'Virgin Barbie' and 'Crucifixion Ken' outrage Catholics in Argentina
An exhibition in Argentina entitled "Barbie, the Plastic Religion" that includes a Barbie dressed as the Virgin Mary and a Ken dressed as a crucified Jesus, has caused outrage among the nation's Roman Catholics.
The exhibition, which hoped to "blend the two biggest icons in the world, Barbie and religion" was supposed to be put on last year, but got cancelled due to protests by Roman Catholic groups who found the icons offensive.
It is set to open in Buenos Aires on Saturday.
"The good thing about this year is that last year we got a lot of threats regarding the destruction of our art, about bombs, threats against our safety. This year, nothing of the sort has happened. We are hoping and praying it stays like that," Marianela Perelli, one of the artists, told The Independent.
Pool Paolini and Perelli, artists from Rosario, have dressed Barbie as 10 patron Saints of South American countries and used 15 Kens to show "15 ways of looking at Christ."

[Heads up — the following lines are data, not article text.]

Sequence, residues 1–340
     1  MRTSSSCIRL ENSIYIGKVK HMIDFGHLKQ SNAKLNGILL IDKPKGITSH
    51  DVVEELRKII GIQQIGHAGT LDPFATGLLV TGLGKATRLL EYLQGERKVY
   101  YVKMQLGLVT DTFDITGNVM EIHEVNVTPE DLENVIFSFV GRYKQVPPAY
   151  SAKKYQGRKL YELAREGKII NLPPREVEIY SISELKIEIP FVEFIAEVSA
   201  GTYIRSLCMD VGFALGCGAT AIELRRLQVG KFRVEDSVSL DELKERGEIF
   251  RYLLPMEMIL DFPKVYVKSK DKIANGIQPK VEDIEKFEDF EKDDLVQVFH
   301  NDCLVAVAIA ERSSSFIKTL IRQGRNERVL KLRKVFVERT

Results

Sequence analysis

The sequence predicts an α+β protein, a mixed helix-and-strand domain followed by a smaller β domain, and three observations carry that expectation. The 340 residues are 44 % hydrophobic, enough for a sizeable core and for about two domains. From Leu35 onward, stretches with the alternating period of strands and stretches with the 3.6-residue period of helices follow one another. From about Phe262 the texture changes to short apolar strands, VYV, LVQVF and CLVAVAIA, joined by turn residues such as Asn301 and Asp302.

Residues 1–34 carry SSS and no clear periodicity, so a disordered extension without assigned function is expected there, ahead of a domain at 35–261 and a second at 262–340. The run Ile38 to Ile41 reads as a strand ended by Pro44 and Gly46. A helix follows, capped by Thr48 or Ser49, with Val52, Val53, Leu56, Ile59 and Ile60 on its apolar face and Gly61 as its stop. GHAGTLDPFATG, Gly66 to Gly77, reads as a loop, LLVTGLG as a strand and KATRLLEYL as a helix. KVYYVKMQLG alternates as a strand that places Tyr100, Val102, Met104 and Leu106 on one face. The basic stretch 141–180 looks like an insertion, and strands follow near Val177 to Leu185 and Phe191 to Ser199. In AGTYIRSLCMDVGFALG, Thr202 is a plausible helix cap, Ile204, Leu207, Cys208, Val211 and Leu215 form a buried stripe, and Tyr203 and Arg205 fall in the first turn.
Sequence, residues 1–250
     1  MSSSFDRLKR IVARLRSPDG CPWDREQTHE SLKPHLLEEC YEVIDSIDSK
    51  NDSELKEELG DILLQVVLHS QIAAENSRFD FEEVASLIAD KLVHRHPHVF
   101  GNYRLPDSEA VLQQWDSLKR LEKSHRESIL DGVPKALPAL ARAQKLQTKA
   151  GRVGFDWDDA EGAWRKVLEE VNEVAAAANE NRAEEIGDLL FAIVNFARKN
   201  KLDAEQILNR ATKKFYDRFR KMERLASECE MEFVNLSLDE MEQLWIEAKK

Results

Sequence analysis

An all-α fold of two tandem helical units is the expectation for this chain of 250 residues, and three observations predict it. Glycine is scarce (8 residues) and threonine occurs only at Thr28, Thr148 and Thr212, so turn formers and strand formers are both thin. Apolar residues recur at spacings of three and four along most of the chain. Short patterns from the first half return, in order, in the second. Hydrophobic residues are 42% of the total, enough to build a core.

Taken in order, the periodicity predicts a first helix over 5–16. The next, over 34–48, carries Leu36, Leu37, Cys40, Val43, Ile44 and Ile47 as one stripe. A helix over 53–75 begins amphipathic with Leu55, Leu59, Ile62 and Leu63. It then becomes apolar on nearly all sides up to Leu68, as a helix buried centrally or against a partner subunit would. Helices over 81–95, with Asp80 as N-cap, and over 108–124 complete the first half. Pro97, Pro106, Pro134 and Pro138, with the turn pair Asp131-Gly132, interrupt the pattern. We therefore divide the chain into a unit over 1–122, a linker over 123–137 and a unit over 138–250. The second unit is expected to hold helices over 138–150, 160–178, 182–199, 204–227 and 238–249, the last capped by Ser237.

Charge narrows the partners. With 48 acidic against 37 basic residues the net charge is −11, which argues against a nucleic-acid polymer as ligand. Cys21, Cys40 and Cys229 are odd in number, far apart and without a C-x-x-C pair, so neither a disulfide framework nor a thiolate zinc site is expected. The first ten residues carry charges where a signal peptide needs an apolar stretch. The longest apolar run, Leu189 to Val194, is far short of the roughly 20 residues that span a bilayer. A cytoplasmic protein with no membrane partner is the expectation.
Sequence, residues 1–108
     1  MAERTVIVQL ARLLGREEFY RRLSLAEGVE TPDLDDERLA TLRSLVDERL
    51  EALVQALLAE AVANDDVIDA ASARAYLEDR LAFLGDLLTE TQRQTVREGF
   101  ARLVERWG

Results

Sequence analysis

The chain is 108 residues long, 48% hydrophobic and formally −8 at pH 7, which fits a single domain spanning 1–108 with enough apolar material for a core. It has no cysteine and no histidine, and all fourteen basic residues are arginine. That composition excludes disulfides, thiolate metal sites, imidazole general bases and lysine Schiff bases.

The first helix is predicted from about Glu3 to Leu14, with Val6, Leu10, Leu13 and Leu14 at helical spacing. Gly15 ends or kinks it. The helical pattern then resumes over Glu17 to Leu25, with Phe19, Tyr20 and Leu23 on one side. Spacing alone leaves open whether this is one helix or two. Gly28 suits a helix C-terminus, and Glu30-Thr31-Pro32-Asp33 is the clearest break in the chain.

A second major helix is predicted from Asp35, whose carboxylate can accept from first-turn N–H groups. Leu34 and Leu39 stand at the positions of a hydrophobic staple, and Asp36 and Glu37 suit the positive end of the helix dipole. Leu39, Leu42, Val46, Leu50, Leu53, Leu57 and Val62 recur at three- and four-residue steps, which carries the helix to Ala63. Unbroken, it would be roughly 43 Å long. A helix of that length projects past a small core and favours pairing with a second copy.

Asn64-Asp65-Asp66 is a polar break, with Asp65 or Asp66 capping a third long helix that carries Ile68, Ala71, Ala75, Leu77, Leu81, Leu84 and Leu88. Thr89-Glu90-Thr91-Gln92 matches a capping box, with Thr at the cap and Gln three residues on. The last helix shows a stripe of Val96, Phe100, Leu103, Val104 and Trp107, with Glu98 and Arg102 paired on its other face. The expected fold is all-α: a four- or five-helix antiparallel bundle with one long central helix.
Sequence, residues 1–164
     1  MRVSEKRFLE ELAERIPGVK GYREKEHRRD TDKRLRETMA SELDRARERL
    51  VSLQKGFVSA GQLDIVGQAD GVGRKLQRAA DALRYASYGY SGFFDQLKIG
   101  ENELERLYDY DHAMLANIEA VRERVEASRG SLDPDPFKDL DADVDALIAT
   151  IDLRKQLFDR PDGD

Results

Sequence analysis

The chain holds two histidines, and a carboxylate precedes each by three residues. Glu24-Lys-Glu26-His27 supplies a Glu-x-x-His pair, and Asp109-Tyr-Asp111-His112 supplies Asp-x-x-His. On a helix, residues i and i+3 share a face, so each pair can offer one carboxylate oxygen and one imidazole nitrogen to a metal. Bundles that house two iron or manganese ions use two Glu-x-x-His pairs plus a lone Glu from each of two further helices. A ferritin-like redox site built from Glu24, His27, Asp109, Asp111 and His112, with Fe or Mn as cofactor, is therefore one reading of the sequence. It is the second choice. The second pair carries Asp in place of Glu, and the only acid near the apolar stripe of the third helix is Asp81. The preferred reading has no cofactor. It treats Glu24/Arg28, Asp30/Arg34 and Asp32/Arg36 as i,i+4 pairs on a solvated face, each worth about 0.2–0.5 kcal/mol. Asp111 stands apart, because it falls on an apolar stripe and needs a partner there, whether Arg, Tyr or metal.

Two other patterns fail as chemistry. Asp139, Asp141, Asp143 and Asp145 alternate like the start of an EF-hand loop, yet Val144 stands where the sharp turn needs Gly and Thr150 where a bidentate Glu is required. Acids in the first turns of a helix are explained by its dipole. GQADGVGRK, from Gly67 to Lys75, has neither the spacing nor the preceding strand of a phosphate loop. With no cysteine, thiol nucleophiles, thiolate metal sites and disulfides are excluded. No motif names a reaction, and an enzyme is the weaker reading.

"The brother of a very important priest in Argentina, of the most important church in the country, approached us days before the scandal wanting to buy the Our Lady of Lujan to give to his brother," said Paolini.
"It was a beautiful display of love. Then, all Christians started going against us – that's when all turned bad. At first, everyone was supportive."
Justifying their decision to make Virgin Barbie, Perelli said: "Barbie is a world icon; she has a special type of beauty.
"Virgins have changed as time went by, in the renaissance they were portrayed as more robust and chubby, and in the middle ages they were skinnier with long necks."
Barbie and Ken were not limited to Christianity in the exhibition – they appear also as Hindu deities and pagan mythological figures.